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Messages - flecktone
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« on: August 14, 2005, 11:14:56 AM »
Yes, I read PLS, Law School Confidential, Delaneys, and anything else I could get my hands on. I also got the LEEWS CD's and Getting to Maybe which I feel were the best. I cannot over-emphasize the importance of concentrating on test-taking strategies. Spend as much time on practice finals as reviewing and outlining, and you will do fine. The legal reasoning will come to you naturally and there is a lot of memorization. Pretty much everyone will have approximately the same level of knowledge and understanding at the end of the course, but the most important thing is to be able to demonstrate your skills better than the others. You will probably get a lot of Getting to Maybe type advice in Applied Analysis, which I thought was a bs course, but looking back, it addresses what I'm saying here.
« on: August 13, 2005, 07:45:02 PM »
No, I did not have any of them, although I know several people who had Purcell for CivPro and had good things to say about him. I had Leonard for one of my orientation seminars last year - very personable and a very highly regarded expert and advocate for gay rights. Who do you have for Applied Analysis, Legal Research, and Legal Writing?
First year was hard - law school is hard, no question. It took most of the first semester to adapt to everything - the intensity, the pressure, the hours, everything. By the second semester, I felt like I had a handle on how to work smart, but there's no getting around the 12 to 16-hour days in the library studying for finals. My lowest grade in college was a B+ and I graduated Summa with a 3.95 GPA. In my first semester, I got my first C ever.. a devestating wake up call. Finished the year by grading onto Law Review, so I feel I have redeemed myself.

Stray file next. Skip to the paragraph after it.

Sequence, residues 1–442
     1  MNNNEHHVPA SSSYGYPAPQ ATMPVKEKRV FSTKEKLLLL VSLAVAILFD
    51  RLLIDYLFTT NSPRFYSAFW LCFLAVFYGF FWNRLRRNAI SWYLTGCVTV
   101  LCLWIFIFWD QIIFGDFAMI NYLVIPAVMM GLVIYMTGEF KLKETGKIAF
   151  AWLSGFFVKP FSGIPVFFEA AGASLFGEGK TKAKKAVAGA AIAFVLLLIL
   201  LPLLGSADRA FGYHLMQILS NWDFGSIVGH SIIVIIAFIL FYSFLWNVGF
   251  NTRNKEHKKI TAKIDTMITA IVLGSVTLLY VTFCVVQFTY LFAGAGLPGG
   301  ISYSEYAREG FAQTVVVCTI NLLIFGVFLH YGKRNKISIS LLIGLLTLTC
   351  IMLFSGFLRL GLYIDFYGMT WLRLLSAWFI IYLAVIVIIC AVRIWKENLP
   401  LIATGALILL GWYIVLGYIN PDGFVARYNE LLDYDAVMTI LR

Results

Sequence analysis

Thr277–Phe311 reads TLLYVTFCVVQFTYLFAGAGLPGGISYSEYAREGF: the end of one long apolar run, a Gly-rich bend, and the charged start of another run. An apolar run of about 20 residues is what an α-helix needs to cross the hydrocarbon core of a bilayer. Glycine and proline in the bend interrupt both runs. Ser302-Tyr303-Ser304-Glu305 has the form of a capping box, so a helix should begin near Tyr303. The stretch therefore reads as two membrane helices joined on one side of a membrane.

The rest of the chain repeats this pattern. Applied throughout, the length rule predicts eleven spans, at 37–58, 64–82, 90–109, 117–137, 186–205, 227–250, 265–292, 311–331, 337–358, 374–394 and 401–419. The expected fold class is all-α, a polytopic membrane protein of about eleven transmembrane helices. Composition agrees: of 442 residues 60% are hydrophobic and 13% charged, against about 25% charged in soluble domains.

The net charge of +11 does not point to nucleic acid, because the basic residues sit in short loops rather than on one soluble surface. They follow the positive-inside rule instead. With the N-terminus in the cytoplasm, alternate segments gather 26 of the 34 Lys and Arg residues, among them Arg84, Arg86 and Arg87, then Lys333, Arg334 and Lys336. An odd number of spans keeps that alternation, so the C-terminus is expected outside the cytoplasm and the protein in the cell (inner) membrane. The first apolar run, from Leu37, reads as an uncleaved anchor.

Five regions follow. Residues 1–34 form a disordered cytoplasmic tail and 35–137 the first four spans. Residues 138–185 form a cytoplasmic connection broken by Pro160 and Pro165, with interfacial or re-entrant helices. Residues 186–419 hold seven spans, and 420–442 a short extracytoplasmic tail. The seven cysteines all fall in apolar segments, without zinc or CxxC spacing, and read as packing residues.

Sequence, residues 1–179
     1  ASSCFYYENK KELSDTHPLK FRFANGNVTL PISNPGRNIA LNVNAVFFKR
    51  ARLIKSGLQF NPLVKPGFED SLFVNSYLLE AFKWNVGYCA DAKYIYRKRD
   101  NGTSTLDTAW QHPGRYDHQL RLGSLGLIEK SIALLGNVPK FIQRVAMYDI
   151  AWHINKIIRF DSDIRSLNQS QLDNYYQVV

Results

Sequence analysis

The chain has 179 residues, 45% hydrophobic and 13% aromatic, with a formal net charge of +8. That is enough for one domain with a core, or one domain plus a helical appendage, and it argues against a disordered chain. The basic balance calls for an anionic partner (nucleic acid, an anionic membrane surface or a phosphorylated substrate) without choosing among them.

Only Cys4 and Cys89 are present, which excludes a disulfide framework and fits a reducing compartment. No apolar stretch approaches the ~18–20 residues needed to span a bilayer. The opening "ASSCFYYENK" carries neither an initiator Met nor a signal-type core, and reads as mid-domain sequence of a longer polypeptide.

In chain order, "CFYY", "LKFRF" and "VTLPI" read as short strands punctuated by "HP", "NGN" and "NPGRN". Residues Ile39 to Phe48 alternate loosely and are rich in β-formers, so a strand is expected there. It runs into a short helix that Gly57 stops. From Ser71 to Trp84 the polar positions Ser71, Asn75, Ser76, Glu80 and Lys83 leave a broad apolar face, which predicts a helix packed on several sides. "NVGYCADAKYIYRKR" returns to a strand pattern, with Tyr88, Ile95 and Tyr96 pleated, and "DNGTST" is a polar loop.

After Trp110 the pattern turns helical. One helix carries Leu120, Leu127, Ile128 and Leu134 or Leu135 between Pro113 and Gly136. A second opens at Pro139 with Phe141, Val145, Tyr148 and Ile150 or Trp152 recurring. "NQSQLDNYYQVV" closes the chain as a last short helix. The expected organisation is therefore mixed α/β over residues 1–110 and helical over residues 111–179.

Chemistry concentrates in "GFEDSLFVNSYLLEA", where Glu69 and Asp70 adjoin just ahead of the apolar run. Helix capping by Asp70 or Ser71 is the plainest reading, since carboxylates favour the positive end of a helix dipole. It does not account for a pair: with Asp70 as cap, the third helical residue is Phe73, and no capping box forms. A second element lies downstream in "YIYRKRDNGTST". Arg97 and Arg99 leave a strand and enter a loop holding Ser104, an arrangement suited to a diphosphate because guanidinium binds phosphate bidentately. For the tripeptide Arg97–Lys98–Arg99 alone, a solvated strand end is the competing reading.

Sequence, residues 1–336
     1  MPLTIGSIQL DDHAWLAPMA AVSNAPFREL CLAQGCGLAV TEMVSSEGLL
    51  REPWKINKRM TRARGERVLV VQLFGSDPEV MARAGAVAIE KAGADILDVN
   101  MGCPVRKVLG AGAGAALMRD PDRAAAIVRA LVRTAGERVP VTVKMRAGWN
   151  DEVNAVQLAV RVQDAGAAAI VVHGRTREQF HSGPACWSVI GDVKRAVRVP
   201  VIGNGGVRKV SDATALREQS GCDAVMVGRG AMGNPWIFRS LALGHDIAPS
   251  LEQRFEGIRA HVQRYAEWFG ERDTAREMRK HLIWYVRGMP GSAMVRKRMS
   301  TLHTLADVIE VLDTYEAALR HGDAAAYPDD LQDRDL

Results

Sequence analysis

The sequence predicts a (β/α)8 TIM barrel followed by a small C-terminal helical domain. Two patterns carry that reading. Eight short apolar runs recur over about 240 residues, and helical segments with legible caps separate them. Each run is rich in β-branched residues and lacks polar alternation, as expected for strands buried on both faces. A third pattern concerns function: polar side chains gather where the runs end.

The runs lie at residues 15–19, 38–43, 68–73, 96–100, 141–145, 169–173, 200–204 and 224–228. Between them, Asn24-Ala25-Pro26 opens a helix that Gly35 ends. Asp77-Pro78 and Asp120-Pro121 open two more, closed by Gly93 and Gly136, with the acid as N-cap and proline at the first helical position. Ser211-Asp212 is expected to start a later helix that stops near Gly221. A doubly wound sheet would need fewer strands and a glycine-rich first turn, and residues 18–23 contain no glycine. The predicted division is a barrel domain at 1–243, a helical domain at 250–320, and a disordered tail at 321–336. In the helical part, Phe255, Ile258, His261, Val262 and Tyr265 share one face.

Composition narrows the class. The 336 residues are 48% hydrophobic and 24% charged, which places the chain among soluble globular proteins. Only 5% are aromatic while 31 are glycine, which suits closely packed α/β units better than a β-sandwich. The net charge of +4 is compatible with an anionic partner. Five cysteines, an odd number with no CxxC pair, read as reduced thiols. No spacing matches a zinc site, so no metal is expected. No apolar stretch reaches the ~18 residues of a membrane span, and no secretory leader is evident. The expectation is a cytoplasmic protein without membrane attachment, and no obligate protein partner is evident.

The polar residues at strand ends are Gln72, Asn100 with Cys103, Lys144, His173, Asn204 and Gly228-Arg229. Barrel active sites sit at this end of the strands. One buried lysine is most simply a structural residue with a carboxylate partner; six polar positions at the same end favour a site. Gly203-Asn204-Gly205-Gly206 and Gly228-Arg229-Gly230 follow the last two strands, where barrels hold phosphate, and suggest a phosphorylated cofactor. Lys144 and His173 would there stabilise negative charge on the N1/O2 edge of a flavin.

Good luck on Monday. I start classes on the 22nd, so I'll be getting as much sleep as possible next week.
« on: August 11, 2005, 09:26:51 AM »
I'm a 2L
« on: August 10, 2005, 12:12:12 PM »
I'm glad you didn't find outlining to be troubling. I guess I just meant that it is probably not worth the time and effort.
I don't know of any online source for NYLS professors' outlines, but if you ask around among people who took a course, you may get someone to share. Be careful, though, I encountered a lot of people who were very generous about sharing their outlines, which is good, but the outlines were poorly done, which is bad.
It sounds to me like you are more than capable of developing your own outline as the course progresses, which is the best way to go anyway.
« on: July 28, 2005, 11:24:51 PM »
It makes absolutely no sense to do an outline of a class before you even have a syllabus. Torts is a huge body of law. Professors must pick and choose which topics to focus on, and no two professors will cover the same material. Outlining at this premature stage of the game may serve as good practice for when you need to develop the actual outline for your Torts final come December, but you will likely find your efforts were not worth the trouble.
« on: July 28, 2005, 11:17:21 PM »
Yes. If you are assigned to Nadine Strossen's orientation class, you will likely have to read this case. It's not bad - just very a long-winded opinion. You'll come across hundreds like that.
« on: July 28, 2005, 11:13:34 PM »
Hey, cut me a break. I said I was tired and cranky
« on: June 14, 2005, 10:22:28 PM »
People have been placed in firms (large, medium, and small), judge clerkships, and government. In fact, the school is still posting job opportunities at this late stage, so it appears there are plenty of jobs this summer.
« on: June 14, 2005, 12:02:32 PM »
Just survived my first year! I thought about transferring (my grades are good enough), but decided to stay put. Made some really good friends, mostly excellent professors, love the neighborhood, and everyone I know who wanted to work in law this summer landed a job through the school.
« on: October 17, 2004, 04:03:14 PM »
The building is very old, the hallways and staircases are very narrow, the elevators are ridiculously slow and often don't work, there's way too many people trying to get around under these conditions with 30 lbs. of books on their backs.
The food is bad, the cafeteria is too noisy, the reading room is too quiet, the first floor of the library is too noisy, the rest of the floors are too quiet, there's not enough group study rooms, there's no place to go and have a quiet discussion.
I'm tired - and I guess a little cranky today.
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